International Nurses Day - a nursing student's experience on placement
Sarah Crossland is a 3rd year student nurse (Adult). She is currently on her first placement for her third year in Rehabilitation in a local hospital. Here she shares an emotional experience from her placement.
When I found out my placement, I was keen to follow the journey of a typical acute patient and how they come to rehabilitation, as I felt like I really have much nursing experience with these patients. When I met my practice assessor, she encouraged this and I contacted the clinical educator on ICU who invited me to shadow.
On my arrival, I was introduced to the team and attended the safety huddle. The clinical educator asked me if I would be interested in working with a patient who had a severe traumatic brain injury and was planned to go the theatres to donate his organs, to which I said yes. I met my patient, Tom*, his family and his nurse Jane*. During this time, I got to know Tom from his family, and I learnt more about his life and interests and what was important to him. His daughter was incredibly proud of him and spoke about her memories of her dad, and his sisters reminisced about good times with their brother. I feel like its important to know the patient for who they were, especially as Tom was about to go through something that would end his life but ultimately restart the lives of three more people. When caring for Tom, I spoke to him throughout to preserve his dignity. I told him when I was doing observations and preforming his GCS scores (shining a pen torch in his eyes and asking him to do things).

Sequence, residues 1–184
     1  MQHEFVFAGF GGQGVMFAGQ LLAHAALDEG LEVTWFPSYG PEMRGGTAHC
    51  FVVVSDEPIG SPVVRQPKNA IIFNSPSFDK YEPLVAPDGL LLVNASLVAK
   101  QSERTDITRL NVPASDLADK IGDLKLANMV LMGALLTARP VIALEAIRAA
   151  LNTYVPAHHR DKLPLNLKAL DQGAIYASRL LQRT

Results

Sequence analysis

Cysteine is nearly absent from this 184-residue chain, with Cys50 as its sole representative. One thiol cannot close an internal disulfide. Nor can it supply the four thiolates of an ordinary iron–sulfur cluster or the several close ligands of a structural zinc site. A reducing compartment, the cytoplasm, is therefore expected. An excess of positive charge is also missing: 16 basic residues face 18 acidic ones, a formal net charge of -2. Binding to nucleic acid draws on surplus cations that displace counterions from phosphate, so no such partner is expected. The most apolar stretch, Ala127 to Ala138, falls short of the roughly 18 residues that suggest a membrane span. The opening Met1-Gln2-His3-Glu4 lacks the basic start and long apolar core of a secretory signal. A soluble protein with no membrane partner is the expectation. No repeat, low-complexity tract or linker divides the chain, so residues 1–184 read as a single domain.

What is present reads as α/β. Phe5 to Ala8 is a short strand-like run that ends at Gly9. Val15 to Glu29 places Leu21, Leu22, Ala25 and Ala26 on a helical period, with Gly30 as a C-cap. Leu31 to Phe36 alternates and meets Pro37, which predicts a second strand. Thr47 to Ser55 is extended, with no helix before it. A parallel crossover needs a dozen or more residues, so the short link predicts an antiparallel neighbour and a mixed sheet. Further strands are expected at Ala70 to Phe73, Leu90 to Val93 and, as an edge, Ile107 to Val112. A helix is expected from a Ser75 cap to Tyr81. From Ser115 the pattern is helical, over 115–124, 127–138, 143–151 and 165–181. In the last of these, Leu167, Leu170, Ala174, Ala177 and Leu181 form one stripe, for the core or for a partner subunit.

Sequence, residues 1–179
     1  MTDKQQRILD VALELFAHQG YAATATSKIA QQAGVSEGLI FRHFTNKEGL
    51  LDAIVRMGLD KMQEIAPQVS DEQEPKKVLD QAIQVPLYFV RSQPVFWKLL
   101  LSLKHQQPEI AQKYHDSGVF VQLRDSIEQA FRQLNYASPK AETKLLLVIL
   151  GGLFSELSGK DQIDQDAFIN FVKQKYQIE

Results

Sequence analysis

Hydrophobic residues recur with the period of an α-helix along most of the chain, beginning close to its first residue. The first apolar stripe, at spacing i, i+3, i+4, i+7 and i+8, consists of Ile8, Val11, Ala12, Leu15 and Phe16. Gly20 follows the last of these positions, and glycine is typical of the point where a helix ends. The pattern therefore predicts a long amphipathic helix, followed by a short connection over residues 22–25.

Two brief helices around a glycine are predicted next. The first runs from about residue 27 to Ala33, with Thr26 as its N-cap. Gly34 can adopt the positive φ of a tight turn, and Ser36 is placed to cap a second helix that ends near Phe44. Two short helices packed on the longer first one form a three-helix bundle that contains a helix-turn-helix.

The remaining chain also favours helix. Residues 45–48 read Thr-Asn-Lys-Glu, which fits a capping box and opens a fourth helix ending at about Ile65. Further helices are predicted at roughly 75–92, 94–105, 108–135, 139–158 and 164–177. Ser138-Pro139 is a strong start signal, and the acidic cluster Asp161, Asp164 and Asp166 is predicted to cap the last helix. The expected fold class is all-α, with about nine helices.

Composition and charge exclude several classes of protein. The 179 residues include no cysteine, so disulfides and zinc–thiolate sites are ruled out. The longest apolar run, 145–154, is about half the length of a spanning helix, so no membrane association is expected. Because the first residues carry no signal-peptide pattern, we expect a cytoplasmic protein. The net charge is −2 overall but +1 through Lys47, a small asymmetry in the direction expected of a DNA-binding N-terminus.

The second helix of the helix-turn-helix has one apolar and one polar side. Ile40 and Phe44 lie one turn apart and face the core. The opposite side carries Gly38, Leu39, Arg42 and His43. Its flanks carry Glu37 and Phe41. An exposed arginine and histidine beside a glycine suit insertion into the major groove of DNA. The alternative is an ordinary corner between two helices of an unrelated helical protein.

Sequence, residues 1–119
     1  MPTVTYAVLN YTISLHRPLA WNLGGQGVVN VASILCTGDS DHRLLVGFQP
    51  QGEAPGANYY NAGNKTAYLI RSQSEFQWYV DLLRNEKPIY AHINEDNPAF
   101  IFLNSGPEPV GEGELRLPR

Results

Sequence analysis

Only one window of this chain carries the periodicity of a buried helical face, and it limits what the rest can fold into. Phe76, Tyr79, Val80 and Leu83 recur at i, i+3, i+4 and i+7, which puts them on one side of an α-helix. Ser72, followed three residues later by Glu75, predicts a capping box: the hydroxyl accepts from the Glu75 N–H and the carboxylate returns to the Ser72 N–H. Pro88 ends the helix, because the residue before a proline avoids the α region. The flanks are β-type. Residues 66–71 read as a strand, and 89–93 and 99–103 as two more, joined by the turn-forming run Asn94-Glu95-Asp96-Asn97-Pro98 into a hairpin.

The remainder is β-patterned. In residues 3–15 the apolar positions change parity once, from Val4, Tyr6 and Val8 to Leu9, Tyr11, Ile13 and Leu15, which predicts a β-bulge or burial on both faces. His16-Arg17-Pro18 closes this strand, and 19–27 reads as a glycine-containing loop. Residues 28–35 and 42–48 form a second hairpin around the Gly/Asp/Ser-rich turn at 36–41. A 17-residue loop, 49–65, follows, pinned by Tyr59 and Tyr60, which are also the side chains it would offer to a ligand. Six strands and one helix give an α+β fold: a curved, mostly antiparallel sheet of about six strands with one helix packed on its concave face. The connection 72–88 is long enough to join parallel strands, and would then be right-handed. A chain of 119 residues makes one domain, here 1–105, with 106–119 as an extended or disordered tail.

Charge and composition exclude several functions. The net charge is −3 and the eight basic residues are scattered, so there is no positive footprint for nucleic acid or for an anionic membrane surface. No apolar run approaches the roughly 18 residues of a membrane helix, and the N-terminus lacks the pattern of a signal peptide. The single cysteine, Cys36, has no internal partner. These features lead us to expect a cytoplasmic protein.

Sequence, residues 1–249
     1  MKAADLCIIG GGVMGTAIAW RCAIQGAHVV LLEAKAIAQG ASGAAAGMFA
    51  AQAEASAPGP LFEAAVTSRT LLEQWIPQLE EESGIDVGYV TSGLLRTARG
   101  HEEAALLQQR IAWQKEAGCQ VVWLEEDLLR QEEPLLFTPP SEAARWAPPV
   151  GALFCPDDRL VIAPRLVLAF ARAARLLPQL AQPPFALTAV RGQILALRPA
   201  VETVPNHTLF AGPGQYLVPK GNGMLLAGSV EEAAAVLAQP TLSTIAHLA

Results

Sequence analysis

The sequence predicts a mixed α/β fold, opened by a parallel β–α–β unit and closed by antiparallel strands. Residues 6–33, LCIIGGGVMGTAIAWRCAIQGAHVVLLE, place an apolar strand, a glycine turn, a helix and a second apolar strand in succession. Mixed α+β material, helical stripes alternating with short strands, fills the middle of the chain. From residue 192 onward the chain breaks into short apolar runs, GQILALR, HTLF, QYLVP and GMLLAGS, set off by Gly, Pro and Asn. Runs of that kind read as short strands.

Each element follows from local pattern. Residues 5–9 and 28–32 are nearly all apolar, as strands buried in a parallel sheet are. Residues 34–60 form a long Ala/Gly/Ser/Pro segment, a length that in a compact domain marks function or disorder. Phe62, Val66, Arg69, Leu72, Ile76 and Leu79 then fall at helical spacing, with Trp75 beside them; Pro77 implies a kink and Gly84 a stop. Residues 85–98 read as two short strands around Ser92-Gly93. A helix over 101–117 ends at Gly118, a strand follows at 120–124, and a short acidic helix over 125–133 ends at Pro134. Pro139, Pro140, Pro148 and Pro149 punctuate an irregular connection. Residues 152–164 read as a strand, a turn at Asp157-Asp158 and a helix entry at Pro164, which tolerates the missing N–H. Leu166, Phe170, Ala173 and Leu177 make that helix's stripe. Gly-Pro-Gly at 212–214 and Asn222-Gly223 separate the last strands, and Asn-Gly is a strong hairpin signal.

Tom’s family made a brave decision to donate some of his organs when learning about his terminal prognosis and knew this was Toms wish. The Specialist Nurses-Organ Donations (known as SNODs) spent time with Toms family and explained the process of what would happen, and Jane and I ensured that Toms family could ask us any questions or feel like they could approach us. When the time came to take Tom to theatres, the whole of the ICU stood still and showed their respects to Tom and his family, including all allied health professionals and relatives of other patients. Toms’ sisters wanted to be there when Tom passed, so we made the anaesthetic room as comfortable as possible. When Tom was extubated (disconnected from the ventilator and breathing tube removed), we cleaned his face and put his dentures in. He was given medication to keep him calm and comfortable and we invited his sisters in to hold his hand and talk to him. We put his favourite music on and stayed and comforted both Tom and his sisters.